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Writing Pitfalls #2: Periods and Commas (Part 1)

This is week two in our six-week series on common writing pitfalls. Our years of proofreading and editing experience have shown us that there are common errors in most English manuscripts, and we want to share these important secrets with you so that your writing can stand out from your peers.

Last week we addressed the issue of active voice versus passive voice, and for the next two weeks we are discussing punctuation—periods and commas. Such small and seemingly insignificant black marks on a page can sometimes make all the difference in reading comprehension and flow. This week we will begin with the simpler topic: the period.

The Period

A period is a dot. The period comes at the end of a sentence. It should be that simple, right? Well, sometimes we proofread documents where the periods are missing. This is annoying, but probably just an oversight. The really frustrating times are when the period is in the wrong spot. What if the sentence is a quotation—does the period come before or after the quotation mark?

Which of the following is correct?

  1. I said, “Put those toys away.”

  2. I said, “Put those toys away”.

Drum roll please…

Option number one is correct. All terminal punctuation (periods, exclamation marks, questions marks, and so on) are placed inside quotation marks.

In-Text Citations

The other time The Paper Editing Service proofreaders encounter misplaced periods is when documents include in-text citations. Authors use in-text citations when they use quotes or ideas that come from a previously published resource. Which of the following sentences with an in-text citation is correct?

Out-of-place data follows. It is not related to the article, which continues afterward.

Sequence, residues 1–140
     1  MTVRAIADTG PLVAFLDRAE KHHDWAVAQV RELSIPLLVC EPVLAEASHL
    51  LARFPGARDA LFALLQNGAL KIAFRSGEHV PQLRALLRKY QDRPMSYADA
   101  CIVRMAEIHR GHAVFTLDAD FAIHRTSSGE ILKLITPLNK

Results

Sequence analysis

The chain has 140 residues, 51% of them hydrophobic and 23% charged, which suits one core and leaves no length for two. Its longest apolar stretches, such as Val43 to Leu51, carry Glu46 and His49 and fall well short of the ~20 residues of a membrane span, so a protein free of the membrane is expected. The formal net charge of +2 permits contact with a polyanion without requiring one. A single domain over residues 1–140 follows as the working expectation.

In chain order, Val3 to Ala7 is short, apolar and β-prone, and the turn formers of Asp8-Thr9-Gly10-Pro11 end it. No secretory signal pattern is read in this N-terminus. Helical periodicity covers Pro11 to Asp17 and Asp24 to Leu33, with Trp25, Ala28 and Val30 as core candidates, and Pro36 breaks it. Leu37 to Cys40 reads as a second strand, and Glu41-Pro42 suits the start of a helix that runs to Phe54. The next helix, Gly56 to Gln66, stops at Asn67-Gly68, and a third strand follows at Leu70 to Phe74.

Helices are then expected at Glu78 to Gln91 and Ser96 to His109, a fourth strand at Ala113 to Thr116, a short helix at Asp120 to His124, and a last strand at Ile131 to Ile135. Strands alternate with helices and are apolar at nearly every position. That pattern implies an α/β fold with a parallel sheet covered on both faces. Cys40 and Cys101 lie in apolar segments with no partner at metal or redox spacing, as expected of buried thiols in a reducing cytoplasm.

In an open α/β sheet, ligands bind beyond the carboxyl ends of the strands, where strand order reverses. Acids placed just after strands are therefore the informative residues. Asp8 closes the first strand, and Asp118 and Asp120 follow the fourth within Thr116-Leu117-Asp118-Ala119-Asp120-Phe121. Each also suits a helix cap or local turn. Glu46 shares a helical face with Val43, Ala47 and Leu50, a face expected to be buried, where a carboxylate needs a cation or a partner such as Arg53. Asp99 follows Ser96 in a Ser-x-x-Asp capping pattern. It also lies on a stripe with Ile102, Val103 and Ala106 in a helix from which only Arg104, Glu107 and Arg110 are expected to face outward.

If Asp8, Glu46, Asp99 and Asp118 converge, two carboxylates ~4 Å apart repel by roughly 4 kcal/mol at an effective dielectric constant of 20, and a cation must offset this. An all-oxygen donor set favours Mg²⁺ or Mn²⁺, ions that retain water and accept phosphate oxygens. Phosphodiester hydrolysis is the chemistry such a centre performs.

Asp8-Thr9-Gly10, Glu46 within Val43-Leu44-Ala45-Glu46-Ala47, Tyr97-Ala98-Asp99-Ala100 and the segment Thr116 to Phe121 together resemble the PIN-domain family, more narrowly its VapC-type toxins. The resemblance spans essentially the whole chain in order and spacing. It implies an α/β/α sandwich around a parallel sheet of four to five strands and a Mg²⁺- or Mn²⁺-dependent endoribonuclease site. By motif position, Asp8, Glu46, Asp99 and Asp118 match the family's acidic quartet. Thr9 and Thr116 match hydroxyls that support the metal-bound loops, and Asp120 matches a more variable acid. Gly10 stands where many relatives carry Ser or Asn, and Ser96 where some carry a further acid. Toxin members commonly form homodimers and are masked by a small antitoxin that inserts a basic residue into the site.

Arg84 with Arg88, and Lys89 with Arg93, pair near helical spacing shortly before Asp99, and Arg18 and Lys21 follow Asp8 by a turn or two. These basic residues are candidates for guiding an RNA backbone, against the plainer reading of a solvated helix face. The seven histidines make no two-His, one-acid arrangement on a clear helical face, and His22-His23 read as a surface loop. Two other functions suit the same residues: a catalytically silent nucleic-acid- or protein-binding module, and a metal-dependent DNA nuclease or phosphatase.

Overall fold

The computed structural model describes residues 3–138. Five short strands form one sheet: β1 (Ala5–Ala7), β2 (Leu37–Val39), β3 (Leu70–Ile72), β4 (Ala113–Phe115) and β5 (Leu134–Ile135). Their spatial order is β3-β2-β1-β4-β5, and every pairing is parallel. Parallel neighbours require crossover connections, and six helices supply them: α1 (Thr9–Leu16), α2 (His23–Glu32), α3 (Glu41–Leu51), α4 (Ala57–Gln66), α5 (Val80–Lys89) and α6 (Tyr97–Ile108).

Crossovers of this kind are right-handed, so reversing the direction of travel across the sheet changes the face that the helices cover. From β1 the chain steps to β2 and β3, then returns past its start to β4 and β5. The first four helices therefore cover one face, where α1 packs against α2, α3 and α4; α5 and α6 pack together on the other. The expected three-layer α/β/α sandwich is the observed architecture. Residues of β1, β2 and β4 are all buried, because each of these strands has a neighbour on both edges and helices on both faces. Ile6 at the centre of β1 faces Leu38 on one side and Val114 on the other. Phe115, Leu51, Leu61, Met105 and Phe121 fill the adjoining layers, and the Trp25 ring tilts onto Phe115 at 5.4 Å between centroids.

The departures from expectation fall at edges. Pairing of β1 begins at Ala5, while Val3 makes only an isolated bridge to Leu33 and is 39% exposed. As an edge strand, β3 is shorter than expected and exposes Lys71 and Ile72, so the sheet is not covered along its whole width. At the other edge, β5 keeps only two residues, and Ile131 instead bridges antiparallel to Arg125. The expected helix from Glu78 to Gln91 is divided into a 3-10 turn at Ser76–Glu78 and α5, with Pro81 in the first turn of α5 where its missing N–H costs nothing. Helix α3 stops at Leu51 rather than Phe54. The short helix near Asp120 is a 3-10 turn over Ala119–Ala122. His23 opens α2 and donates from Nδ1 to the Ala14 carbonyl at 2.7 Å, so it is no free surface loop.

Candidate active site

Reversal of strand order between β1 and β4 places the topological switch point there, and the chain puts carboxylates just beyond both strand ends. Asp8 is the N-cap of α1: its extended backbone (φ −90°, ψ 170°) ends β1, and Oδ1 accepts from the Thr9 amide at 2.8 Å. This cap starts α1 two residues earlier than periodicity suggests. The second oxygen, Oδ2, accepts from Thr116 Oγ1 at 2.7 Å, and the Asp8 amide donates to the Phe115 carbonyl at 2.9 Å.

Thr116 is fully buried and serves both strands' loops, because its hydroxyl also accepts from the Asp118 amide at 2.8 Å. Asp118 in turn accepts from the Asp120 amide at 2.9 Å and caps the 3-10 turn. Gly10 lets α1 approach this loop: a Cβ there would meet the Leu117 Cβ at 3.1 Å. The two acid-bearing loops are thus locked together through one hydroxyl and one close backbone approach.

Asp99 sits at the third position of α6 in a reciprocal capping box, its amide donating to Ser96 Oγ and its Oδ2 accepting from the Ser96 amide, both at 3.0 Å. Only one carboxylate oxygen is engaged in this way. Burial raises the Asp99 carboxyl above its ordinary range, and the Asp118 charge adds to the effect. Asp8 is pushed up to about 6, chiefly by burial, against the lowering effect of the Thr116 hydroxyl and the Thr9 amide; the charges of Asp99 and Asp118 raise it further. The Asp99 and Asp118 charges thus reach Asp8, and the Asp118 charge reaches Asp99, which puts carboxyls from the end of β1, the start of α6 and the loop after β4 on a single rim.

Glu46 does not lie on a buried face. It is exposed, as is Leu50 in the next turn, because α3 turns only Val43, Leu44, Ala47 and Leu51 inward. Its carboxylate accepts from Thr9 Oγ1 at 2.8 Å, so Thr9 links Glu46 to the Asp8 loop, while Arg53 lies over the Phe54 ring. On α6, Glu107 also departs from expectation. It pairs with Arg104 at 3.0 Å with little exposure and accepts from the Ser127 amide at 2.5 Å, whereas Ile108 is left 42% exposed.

1. The study group taught us that “58% of people prefer the color black versus the color red.” (Hill, 2016, p. 16)

  1. The study group taught us that “58% of people prefer the color black versus the color red.” (Hill, 2016, p. 16).

  1. The study group taught us that “58% of people prefer the color black versus the color red” (Hill, 2016, p. 16).

Drum roll please…

Option number three is correct. Periods come at the end of the sentence, and in-text citations are a part of the sentence. Therefore, here is the rule:

The period always comes after the in-text citation.


Here is the confusing exception to all of this—the period comes before the superscript number when an author uses a footnote. A sentence with a footnote would look like this:

We compared our results with those of another study group and found them to be consistent.1

If you have more questions about where to place a period or other terminal punctuation, feel free to pose your question on our Facebook page. If you are interested in studying more about this topic and other ways to improve your writing skills, please contact us for information about our forthcoming online courses and webinars.

See you next week for a special shout out to a new group of clients and a fall promotion that you will not want to miss!

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